Supplemental Security Income (SSI) is a federal disability benefits program that provides adults who are disabled and who have little income with monthly cash benefits.
Adults who are age 65 or older and adults who are blind also qualify for SSI benefits. SSI is administered by the Social Security Administration (SSA) along with the other common disability benefits program, Social Security Disability Insurance.
Although the Social Security Administration handles SSI benefits, the funds for the program do not come from Social Security taxes.
The experienced Supplemental Security Income Lawyers at Dayes Law Firm PC, can help you apply for SSI benefits if you live in Arizona, New Mexico, California or Utah.
Call 1-800-503-2000 or send us the details of your disability using our Free Case Evaluation form. You have nothing to lose and your disability benefits to gain.
SSI Income & Resources Limits
The SSA has stringent requirements for SSI benefits. The SSA looks at two categories in order to determine whether a disabled individual is eligible for SSI benefits.
The two categories are assets and income. In order for disabled individuals to qualify for SSI benefits, they are required to meet the income and resources guidelines set by the SSA.
Any income that comes into a household will be subtracted from the SSI benefit amount to determine the monthly benefit amount. The SSA will add up all of the income that is available from all of the different sources to determine whether SSI benefits are appropriate.
Income includes cash, checks and other things that can be exchanged for food and shelter, including:
- Wages from a job even if you are paid in food
- Net earnings from a business if self-employed
- Value of food or housing that someone gives you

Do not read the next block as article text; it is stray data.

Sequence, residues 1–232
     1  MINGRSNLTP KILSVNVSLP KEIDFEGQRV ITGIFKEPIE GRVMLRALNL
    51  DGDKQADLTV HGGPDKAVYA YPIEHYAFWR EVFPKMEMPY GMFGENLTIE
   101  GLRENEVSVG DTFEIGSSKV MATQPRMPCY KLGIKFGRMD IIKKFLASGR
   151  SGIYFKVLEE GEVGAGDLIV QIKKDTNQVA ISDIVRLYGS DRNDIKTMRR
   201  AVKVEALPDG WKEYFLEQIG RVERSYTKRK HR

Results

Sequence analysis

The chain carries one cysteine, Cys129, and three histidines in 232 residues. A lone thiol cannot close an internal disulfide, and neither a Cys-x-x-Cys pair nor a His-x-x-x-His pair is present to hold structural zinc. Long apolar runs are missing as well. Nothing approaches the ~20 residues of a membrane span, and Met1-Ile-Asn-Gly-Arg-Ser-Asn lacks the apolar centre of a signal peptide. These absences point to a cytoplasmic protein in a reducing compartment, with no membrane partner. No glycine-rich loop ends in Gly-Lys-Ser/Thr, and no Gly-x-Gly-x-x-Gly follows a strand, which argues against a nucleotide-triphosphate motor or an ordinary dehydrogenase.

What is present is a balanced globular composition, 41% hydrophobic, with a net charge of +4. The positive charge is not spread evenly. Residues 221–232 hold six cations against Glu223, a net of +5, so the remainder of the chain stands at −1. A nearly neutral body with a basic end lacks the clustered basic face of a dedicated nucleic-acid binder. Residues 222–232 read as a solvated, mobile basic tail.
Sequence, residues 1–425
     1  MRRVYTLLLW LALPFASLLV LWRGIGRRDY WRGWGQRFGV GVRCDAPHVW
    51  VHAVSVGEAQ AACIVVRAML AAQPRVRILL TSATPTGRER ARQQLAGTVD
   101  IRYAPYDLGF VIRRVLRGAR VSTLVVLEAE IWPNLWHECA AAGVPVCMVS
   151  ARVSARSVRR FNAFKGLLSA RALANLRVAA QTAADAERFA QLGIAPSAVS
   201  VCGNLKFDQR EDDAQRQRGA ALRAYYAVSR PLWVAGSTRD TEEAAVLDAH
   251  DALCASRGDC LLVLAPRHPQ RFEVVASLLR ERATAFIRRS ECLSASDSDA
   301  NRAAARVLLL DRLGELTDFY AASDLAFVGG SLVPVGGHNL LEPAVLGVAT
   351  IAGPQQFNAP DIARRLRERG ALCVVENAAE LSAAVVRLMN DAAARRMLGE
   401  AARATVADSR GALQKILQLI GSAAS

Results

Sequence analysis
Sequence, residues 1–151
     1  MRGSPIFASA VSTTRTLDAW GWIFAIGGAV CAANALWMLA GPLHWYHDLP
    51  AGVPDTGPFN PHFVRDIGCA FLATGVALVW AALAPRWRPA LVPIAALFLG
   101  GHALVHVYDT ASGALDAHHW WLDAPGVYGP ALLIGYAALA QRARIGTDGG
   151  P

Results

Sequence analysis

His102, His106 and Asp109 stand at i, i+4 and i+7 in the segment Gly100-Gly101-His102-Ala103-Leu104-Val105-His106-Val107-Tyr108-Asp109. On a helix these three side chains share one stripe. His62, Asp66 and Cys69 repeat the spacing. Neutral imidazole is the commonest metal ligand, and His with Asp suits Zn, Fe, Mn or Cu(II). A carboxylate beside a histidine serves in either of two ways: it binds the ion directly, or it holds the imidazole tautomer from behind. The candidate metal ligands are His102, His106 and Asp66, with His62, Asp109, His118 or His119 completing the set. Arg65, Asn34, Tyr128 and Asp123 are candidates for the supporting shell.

- Veterans benefits
- Retirement and unemployment benefits
- Workers compensation benefits, pensions or annuities
The SSA does not count medical car, social services, interest, dividends, tax refunds, Earned Income tax Credit and Child Tax Credit payments, loans and weather assistance as income.
In determining whether someone is eligible for SSI benefits, the SSA will review all of the resources that an individual or couple have at their disposal. The resource limitations are $2,000/per person and $3,000/per couple.
The following items do not count towards the resource limits:
- Home (primary residence)
- Land (primary residence)
- Life insurance policy less than $1,500
- Burial plots that have already been purchased
- Car (personal use)
- Household goods
- Burial funds up to $1,500
On the other hand, the following resources do count towards the $2,000 or $3,000 limit:
- Checking accounts
- Savings accounts
- Certificates of Deposit
- U.S. Savings Bonds
- Christmas club accounts
It is vital that all income and resources be reported appropriately to the SSA so that an appropriate determination can be made. Additionally, simply getting approved for SSI benefits is not enough. Remaining eligible for SSI benefits means keeping the SSA aware of any and all changes to your income, including cash or in-kind gifts and presents.